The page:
Highline Bridge – Valley City Railroad Trestle

Valley City, North Dakota.

Proud of their reputation as a City of Bridges, Valley City, North Dakota features a tour map at their information center and online here. By far, the most spectacular bridge on the tour is a railroad bridge that not only crosses the Sheyenne River but also spans the entire valley.  The bridge was completed in 1908, it’s needed due to the large changes in elevation that trains needed to transition the valley. The 3860-foot (1,180m), span gently lifts trains to the higher terrain on the western edge of Valley City. At its highest point, the bridge rises 162 feet (49 m) above the valley floor.

This view of the bridge looking east is the best image I have showing how the bridge rises on tall tower structures as it spans the valley on the northern edge of the city. The bridge is still a working bridge. The opening image features a Burlington Northern freight train heading eastbound. In my earlier photos of the bridge, I was unable to get a clear view of the span. A few weeks ago, we were in Valley City to check out Medicine Wheel Park, (a future story you will see here), and I decided it would be good to try using the drone to capture some better views of the bridge. Of course, it is not legal to be on railroad property to launch a drone (or for any other reason).

South of the bridge and on the other side of a bend in the river, there is a public park. Chautauqua Park, from where I could safely and legally launch my drone. From ground level, all the trees of the city block the view of the bridge, but with the drone able to move above the tree line, I was able to capture several images of the bridge that I put together in Adobe Lightroom to provide a complete panorama view of the bridge.

One of my photos from our previous visit on an early Sunday morning I captured from the edge of the highway that goes underneath the bridge. I was on the legal side of a sign that reminds walkers that the area under the bridge is private property, no trespassing. (OK, I admit to not remembering the exact verbiage on the sign, but I got the idea.)

A couple of notes on that opening photo: I am always fearful of letting the drone travel very far away from my position on the ground. Though we were quite some distance from the bridge, the resolution of the camera allowed me to crop the image and still keep the pixel count above the 1024×768 dimension that I consider minimum for sharing here. The image below is the original composition from which I cropped for a closeup view.

Secondly, I knew that the bridge is still fully operational. Upon launching the drone, I wondered how long I might have to wait before getting the opportunity to see a train on the trestle. As i finished capturing my images for collection into a panorama shot, I heard the sound of a train whistle. Turning the drone and looking to the west on my drone controller’s iPad display, I thought I could see the headlights of a train approaching. I looked at the available battery remaining and saw I still had probably 5 minutes before I would get the 30 percent warning. Given that the drone was right above me, I could push that warning since it would only take a few moments to land.

It turned out that the train was moving fast enough that I got an entire collection of images as it approached and continued to the east. When I landed, I still had more than 30 percent of the battery power remaining. As usual, if your browser supports it, you can click on an image to enlarge it for a better view. I would recommend doing that for a closer look at the large panoramic view of the bridge.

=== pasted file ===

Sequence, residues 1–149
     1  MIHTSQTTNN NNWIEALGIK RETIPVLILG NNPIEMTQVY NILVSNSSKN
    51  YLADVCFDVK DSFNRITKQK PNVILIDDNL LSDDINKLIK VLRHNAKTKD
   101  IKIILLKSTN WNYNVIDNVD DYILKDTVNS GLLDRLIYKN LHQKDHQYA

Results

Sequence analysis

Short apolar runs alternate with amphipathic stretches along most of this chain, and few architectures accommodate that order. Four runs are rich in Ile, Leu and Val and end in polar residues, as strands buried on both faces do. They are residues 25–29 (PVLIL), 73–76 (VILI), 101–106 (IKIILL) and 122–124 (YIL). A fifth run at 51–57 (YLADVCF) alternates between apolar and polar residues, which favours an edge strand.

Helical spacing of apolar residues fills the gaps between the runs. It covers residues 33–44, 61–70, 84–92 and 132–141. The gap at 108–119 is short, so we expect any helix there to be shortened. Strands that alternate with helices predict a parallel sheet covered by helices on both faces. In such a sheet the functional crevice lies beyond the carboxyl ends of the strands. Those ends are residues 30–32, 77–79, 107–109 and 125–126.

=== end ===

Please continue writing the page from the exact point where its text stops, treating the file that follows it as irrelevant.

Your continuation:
John Steiner

6 thoughts on “Highline Bridge – Valley City Railroad Trestle

    • I find trains to be a fascinating subject. A relative recently sent me a link to a company that provides an experience driving a diesel or steam engine, with or without train. I’d love to do that, but the cost of “tuition” is beyond my budget. >grin<

      • Yeah, here in Sweden there is still a few steam engines that are doing trips occasionally (a few times a year) I have just never figured out how to join. 😛

        Then there are the much smaller museum rail roads that runs along old tracks not in commercial use and they usually have really old trains running. 🙂

  1. I’m envious because I love train trestles. Nice captures, I like the panoramic shot. Would the drone have been allowed there? Do you think you’d have gotten any interesting shots with it?

    • You may have noticed one image I captured from the base of the trestle. I was on a sidewalk next to a roadway that passed underneath the trestle. That was on public property. What I didn’t note is that I used Luminar to “erase” part of a “No Trespassing” sign that stuck up in the lower left edge of the bridge. The area, except for the passage for pedestrians and roadway, is “off-limits”. I could have launched a drone from public property and flew it outside the railroad’s right of way, and even over the trestle. I opted to shoot with the drone from the park on the other side of the river as from there I was able to capture more of the trestle in a single image than I could from being right next to it.

      There are more large trestles on the Burlington Northern tracks that run through the northern United States than I expected there would be, especially in those plains states east of the Rockies where the terrain is relatively flat.

Leave a Reply

Fill in your details below or click an icon to log in:

WordPress.com Logo

You are commenting using your WordPress.com account. Log Out /  Change )

Google photo

You are commenting using your Google account. Log Out /  Change )

Twitter picture

You are commenting using your Twitter account. Log Out /  Change )

Facebook photo

You are commenting using your Facebook account. Log Out /  Change )

Connecting to %s

This site uses Akismet to reduce spam. Learn how your comment data is processed.